Upstream Color (F). Back in 2004, director Shane Carruth made a splash with Primer, a time-travel film he made for $7,000. I didn’t care for that movie, and I really didn’t care for this one. At first it’s a somewhat gross sci-fi movie about a thief who can basically hypnotize you into doing anything he wants you to if he can make you swallow a weird (alien?) grub. But that generally coherent plot dissolves into a series of increasingly weird and random-seeming scenes, mostly involving a guy played by Carruth and a woman played by new-to-me Amy Seimetz. But there are lots of scenes involving pigs in a pig lot, too. And a few scenes involving people that apparently have nothing to do with anything else in the movie. The Thoreau book Walden is also prominently featured. It doesn’t add up to a coherent movie, and I have read that Carruth intended it to be that way. How it is scoring an 81 on Metacritic is beyond me. Avoid this movie, unless you like stuff that is weird for the sake of being weird.
Hansel & Gretel: Witch Hunters (D). I deliberately waited until this one arrived in the dollar theaters, but I still got burned because it was showing in 3D, so it wound up setting me back $3.25. Jeremy Renner (The Hurt Locker) and Gemma Arterton (Clash of the Titans) star as the sibling pair of fairy-tale fame. Now they are all grown up and hire themselves out to kill pesky witches. It’s a grim, muddy, super-gory movie with no panache or sense of humor. Famke Janssen (X-Men: The Last Stand) plays the main evil witch, and IMDB.com reports that she has said she took the role only to pay off her mortgage. An attractive Finnish actress named Pihla Viitala somewhat relieves the drabness of the production in her couple of scenes. Rated R for “strong fantasy horror violence and gore, brief sexuality/nudity and language.” That pretty well sums it up.
Oblivion (C-). This new sci-fi action movie starring Tom Cruise (Rock of Ages) is pretty much a mishmash of ideas you’ve seen in other, better sci-fi action movies. In the not-too-distant future, Earth is a wasteland after a war with an invading alien species called Scavengers. Although the Scavengers were defeated, the damage to Earth’s ecology was so great that humanity evacuated to Saturn’s moon Titan, leaving Earth to a few scuttling subterranean Scavengers that survived the war. But a few humans do still live on Earth—technicians who maintain some giant reactors that are slurping up the oceans, I guess to send the resources back to Titan, and the wicked security drones that protect the reactors from the Scavengers. Jack (Cruise) and Victoria (Andrea Riseborough, Never Let Me Go) are two of those techs. But Jack has these recurring dreams about a mysterious woman (played by Olga Kurylenko, Quantum of Solace), and he begins to wonder if he and Victoria are being told the truth by their far-distant commanders. The movie is too long, and the whole thing feels quite derivative. But some of the visuals are pretty cool, and Riseborough is a pretty, new face. (I just realized, she’s also in the current release Disconnect as the ethically compromised news reporter. I didn’t even recognize her!)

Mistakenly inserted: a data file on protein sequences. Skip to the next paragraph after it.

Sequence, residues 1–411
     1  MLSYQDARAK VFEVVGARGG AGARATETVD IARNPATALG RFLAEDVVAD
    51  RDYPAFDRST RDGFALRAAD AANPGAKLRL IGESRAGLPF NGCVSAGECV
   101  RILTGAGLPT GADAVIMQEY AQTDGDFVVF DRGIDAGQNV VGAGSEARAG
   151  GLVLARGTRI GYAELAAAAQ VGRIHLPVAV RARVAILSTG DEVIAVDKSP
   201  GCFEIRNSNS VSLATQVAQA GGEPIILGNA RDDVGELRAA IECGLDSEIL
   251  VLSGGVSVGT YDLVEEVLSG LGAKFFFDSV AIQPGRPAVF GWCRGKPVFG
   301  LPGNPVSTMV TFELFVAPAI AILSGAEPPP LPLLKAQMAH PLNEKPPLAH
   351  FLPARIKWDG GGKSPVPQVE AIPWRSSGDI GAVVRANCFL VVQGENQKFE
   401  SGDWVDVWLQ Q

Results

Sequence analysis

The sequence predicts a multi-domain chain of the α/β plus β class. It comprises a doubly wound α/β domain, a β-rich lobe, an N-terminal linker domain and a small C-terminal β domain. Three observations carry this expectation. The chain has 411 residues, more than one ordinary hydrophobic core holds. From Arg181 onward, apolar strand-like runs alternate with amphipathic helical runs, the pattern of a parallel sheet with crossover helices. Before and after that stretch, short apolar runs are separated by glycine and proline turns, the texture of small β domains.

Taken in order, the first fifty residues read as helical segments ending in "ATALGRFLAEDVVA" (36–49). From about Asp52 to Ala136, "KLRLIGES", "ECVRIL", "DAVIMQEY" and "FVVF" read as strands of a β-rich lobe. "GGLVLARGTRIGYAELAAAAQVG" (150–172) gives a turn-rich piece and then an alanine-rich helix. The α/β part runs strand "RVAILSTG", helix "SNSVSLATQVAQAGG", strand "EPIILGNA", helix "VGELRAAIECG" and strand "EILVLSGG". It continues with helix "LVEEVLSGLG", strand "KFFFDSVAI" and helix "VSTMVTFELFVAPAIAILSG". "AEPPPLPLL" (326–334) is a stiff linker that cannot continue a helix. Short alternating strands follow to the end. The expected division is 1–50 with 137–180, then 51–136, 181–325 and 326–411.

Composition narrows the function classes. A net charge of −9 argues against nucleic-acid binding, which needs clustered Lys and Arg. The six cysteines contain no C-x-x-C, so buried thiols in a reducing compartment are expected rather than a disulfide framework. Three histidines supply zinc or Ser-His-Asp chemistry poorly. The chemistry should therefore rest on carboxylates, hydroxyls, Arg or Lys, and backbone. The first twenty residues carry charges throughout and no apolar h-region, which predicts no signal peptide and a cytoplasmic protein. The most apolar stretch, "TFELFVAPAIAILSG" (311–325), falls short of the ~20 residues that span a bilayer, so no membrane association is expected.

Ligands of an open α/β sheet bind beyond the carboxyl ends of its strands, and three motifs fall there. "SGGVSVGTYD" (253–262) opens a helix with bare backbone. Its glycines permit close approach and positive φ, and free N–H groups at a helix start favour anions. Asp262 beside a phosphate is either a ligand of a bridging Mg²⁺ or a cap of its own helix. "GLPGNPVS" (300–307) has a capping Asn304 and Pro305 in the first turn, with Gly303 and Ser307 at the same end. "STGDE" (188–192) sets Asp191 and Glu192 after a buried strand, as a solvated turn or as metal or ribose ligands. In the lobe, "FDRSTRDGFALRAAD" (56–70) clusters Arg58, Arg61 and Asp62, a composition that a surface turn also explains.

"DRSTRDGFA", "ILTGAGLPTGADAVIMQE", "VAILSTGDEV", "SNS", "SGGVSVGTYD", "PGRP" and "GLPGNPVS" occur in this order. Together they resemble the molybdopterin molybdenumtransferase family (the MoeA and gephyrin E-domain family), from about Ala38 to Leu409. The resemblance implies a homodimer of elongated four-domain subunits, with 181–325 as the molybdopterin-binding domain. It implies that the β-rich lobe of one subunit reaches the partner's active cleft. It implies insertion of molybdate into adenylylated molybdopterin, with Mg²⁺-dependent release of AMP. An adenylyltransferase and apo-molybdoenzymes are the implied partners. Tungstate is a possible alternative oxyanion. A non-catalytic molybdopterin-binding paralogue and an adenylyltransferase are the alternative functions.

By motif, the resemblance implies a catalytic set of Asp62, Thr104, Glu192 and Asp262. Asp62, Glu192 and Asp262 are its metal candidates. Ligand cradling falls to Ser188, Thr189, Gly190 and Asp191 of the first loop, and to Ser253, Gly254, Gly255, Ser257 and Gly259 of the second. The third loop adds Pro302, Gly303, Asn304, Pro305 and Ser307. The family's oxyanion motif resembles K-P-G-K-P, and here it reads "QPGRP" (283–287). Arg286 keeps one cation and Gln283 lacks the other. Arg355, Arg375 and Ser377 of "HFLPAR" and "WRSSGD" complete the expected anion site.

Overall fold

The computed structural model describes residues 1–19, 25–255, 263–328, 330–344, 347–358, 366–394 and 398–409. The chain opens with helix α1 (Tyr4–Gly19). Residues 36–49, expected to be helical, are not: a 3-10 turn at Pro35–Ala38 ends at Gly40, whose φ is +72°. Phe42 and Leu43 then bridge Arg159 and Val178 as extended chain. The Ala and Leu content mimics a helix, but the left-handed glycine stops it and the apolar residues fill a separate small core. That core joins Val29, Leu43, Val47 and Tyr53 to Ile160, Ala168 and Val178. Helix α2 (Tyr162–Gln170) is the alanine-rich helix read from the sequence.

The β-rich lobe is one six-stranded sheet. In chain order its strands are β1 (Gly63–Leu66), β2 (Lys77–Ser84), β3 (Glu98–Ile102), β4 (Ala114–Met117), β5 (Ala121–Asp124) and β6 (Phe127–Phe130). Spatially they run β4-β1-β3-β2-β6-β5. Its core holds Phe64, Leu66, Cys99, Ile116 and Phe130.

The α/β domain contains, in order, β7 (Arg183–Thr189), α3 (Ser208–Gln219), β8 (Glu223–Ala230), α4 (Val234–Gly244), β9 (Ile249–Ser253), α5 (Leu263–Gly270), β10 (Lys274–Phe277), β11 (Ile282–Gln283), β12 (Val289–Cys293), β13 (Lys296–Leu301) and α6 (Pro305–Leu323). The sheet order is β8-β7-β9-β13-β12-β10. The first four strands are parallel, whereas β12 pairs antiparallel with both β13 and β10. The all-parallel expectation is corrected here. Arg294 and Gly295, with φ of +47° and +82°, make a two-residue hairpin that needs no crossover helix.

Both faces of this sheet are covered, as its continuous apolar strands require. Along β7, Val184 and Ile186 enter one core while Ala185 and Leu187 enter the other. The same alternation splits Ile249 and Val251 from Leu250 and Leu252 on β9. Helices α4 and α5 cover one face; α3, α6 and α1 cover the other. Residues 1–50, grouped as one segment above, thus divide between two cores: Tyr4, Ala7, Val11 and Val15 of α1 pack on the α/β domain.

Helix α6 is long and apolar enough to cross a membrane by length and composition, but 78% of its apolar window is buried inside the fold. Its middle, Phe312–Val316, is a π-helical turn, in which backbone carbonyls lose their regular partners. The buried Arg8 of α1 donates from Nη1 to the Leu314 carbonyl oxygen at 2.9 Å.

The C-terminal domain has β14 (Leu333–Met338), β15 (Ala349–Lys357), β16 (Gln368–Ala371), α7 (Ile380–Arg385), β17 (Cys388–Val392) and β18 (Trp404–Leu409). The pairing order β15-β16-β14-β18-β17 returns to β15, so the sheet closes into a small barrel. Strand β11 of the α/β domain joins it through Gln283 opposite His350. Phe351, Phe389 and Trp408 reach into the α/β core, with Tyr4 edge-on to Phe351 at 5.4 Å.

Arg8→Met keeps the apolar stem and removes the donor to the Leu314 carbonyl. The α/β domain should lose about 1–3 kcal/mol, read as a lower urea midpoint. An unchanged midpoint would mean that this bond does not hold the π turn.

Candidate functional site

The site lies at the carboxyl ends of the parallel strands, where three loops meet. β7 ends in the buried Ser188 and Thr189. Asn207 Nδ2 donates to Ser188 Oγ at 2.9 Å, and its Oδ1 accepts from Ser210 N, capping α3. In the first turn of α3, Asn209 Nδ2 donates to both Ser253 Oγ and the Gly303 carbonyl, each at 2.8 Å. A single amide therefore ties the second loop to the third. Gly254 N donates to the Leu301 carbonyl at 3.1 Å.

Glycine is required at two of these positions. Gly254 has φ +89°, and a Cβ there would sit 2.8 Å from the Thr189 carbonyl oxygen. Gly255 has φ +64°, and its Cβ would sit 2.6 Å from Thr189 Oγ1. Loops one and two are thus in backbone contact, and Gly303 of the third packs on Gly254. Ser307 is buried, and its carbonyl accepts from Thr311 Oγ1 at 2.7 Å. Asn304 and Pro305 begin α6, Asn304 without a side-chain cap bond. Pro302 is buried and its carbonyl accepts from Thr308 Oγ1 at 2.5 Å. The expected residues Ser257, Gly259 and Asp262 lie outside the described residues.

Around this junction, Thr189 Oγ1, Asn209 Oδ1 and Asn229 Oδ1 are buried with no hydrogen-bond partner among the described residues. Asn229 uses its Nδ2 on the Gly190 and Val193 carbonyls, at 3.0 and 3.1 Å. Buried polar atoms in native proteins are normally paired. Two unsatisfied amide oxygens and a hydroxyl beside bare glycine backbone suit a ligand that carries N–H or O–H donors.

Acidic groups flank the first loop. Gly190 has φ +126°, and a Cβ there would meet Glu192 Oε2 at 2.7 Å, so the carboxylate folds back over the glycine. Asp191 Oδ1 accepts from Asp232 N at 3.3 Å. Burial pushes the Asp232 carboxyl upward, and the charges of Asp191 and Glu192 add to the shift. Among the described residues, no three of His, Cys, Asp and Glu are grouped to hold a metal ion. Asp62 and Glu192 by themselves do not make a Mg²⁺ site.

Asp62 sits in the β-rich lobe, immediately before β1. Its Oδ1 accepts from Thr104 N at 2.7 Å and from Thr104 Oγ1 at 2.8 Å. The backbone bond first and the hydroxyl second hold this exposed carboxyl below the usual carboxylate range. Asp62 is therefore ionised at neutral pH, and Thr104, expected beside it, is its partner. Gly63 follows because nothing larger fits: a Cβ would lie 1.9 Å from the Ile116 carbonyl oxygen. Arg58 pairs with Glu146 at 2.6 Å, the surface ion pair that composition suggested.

The subtitle tells it all and though it seems like hyperbole, it isn’t: How the Courage to Be Vulnerable Transforms the Way We Live, Love, Parent and Lead. Dr. Brown’s TED Talks have gone uber-viral and that certainly helped catapult this book to the success it has enjoyed thus far. Nevertheless, it is an excellent call to and roadmap for living an authentic life–the primary ingredient of which is being fully present both physically and emotionally. Brown conveys the research she has done over the last decade or so in readable, digestible portions and sprinkles her Texan colloquialisms in just the right measure. One critic noted that this book is a rehash of some of Brown’s earlier work in more of a how-to format. Having not read any of the earlier books, I cannot comment. However, I feel confident that every reader will find some insight into wholehearted living and find implications for all aspects of life.
This collection of essays showcases Ephron’s (Silkwood, Sleepless in Seattle, When Harry Met Sally, Julie and Julia) finely honed wit. She exposes the vain ploys women take to stave off the aging process. Ephron’s wry sense of humor in addressing topics like motherhood and marriage (when did “parenting” become a competitive sport?) make the tender observations all the more unexpected and rich. There are also some interesting tidbits about Ephron’s early life as a journalist. Girls, this quick read serves up laugh-out-loud moments and will appeal to a wide age range (even if we aren’t there yet, we can see it from here). Men, you may want to skip this one–unless you are curious why your woman is doubled over laughing.
Disconnect (B-). I don’t think this movie is getting a very wide release, so if you want to see it, you should probably jump on the opportunity. It feels very much like the movie Crash from several years ago, in that Disconnect involves three separate plotlines that are only faintly connected by having one character be involved in both Plot A and Plot B, and a different character be involved in both Plot B and Plot C. Anyhoo, this is a cautionary tale about some of the dark sides of our communications revolution. In Plot A, a young married couple that is grieving the death of their baby gets thrown into further turmoil when their identities (and all their money) are stolen. In Plot B, the most affecting storyline to me, Jason Bateman (TV’s Arrested Development) and Hope Davis (About Schmidt) play a married couple whose teenaged son falls victim to cyberbullying. And in Plot C, an ambitious reporter (Andrea Riseborough, Oblivion) at a small cable station gets in over her head when she investigates a weird website where perverts can pay to watch teenagers engage in various kinds of conduct, and she befriends a young man involved in the “business.” The acting is good, but the stories are a little clunky. A lot of the drama involves characters staring at screens and typing on iPads or keyboards. Still, it is worth seeing, especially for the story about cyberbullying.
Mom Under Cover is mad for Mad Men. (Arguable spoilers follow.)
Mad Men Season 6 (2 Hour Series Opener) (A-)